Healthcare and Medicine Reference
In-Depth Information
Three Legal Reasons for Terminating an Employee
1. The employee violated a known company rule or rules. Erickson
(2005, p. 1) says that before this rule can be used and legally upheld, an
employee knew that it existed; (3) the rule was violated; (4) other employ-
ees were terminated for the same infraction; and (5) the termination was
reasonable punishment for the infraction.” Documentation is very impor-
tant. To make certain that an employee has all the organization's policies
and rules you should have them sign a statement that they have received,
read, understand, and intend to abide by all policies and rules.
2. The employee is unable to perform the job adequately.
Erickson (2005) indicates that to prove incompetence an employer
must document that they tried to improve a worker's performance
several times before they terminated the employee. They must also
show that the expectations were reasonable and that other employees
showing the same degree of incompetence were fired. All of this
requires proof of policies setting out levels of competence required to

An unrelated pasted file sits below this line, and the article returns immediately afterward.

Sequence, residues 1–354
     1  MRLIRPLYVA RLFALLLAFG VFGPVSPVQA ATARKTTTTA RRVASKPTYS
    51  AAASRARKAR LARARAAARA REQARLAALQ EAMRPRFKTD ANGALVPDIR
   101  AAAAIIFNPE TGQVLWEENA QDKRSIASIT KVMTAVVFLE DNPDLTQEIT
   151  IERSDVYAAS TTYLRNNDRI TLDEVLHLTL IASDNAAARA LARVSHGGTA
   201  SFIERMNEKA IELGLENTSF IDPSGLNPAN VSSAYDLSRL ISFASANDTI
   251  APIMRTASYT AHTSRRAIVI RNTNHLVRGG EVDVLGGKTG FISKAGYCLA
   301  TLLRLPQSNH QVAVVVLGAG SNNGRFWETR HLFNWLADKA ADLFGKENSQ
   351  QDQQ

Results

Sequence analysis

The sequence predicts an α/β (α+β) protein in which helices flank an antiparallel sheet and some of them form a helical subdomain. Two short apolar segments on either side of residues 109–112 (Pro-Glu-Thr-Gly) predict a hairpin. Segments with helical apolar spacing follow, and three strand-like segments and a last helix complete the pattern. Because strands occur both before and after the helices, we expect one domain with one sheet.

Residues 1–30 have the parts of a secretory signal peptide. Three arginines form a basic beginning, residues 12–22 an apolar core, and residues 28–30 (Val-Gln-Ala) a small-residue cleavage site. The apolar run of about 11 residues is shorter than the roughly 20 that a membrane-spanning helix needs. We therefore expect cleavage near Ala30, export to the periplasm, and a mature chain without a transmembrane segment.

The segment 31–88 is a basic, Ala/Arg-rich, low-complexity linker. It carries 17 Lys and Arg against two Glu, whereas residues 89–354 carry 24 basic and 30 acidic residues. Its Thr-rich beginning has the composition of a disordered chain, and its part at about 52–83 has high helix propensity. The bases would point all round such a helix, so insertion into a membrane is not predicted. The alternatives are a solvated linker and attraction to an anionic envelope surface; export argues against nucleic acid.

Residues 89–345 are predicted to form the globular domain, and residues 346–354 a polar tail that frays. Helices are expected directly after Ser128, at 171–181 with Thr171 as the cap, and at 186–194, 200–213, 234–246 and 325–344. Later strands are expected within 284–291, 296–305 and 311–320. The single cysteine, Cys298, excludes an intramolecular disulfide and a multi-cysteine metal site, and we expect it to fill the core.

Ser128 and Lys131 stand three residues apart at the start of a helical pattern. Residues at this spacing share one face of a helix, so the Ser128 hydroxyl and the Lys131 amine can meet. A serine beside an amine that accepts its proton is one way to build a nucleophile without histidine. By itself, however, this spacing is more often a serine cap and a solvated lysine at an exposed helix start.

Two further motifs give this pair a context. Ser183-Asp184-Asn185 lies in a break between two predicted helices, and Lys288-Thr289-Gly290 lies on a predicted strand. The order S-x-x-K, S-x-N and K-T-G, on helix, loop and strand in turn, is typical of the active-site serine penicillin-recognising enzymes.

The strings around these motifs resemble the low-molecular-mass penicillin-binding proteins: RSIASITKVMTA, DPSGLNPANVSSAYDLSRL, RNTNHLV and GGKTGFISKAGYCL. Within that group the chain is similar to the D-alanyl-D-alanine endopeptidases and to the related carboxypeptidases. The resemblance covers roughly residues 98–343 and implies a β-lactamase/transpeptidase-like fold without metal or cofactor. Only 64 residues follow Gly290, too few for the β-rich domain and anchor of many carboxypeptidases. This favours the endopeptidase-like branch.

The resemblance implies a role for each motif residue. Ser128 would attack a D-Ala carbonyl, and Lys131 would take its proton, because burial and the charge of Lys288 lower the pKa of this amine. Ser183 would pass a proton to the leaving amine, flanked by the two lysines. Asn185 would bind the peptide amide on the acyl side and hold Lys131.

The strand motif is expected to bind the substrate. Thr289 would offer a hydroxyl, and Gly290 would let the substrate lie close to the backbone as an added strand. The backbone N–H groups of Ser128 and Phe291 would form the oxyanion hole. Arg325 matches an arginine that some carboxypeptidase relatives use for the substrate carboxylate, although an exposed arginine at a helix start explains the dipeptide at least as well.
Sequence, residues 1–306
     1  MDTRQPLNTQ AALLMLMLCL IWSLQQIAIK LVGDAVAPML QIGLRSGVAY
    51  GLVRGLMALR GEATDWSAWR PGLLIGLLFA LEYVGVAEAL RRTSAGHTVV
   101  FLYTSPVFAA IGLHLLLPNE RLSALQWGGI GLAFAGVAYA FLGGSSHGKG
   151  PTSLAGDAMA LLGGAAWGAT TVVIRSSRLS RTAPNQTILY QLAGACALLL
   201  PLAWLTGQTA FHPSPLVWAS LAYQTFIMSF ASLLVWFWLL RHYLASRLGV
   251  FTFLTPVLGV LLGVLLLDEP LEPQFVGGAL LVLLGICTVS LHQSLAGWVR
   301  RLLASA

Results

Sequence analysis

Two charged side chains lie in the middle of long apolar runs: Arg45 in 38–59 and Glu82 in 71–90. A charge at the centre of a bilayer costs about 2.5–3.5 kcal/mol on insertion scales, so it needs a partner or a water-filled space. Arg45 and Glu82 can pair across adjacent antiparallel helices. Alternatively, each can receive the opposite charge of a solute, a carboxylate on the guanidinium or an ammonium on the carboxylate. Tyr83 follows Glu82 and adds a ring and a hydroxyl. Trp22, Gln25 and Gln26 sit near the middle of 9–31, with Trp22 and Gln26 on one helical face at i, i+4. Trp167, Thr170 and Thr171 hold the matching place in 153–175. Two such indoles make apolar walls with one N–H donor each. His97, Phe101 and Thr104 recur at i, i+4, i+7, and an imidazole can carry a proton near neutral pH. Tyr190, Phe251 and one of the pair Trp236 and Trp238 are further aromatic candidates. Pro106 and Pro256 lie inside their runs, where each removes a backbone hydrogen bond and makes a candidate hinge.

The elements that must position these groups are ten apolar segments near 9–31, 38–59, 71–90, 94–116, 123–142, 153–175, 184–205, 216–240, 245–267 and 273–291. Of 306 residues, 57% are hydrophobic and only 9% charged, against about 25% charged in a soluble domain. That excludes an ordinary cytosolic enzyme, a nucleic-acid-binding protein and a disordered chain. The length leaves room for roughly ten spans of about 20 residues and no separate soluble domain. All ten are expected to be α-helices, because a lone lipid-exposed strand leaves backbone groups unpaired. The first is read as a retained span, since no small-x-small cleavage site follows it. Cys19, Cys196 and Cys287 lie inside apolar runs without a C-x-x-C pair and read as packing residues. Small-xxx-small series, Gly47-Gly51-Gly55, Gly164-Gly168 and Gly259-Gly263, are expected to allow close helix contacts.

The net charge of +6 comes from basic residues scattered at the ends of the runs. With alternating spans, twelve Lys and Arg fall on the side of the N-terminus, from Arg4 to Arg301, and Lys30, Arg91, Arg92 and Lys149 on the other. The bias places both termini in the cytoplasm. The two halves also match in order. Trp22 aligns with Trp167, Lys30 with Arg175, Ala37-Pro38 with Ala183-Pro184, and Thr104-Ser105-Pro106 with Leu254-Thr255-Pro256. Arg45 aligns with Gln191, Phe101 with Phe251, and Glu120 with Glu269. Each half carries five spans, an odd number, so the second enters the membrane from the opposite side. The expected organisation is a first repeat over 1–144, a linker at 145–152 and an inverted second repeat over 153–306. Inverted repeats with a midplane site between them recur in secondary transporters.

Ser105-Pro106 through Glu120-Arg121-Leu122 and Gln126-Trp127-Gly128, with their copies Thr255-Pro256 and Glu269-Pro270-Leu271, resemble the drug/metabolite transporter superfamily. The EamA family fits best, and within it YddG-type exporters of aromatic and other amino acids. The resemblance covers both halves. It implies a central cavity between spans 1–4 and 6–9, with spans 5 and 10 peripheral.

maintain the position and clear indications of when evaluations will
take place and how unacceptable work will be handled.
3. The organization is reducing its workforce for economic rea-
sons. The final legal reason for terminating an employee is if it is in
the best economic interest of the company in question. Layoffs are
common reasons for terminations, especially in larger corporations
that are downsizing or restructuring. Here, courtesy is expected, and
employees who are involved in a large-scale layoff need to be given at
least 60 days notice of the layoff. This courtesy is required by the
Worker Adjustment and Retraining Notification Act (WARN).
The Importance of Documentation
To make sure that you have all of the documentation you need in case of
a grievance or law suit (this is particularly important in civil service and
public employee termination), Erickson (2005, p. 6) says that you should
have the following in your personal files:
￿ Critical incident reports;
￿ Employee evaluations (at least one a year. I would recommend evalua-
tions every 6 months, especially for new employees for the first
3 years.). See Chapter 10 for a discussion and example of how to do a
competency-based evaluation;
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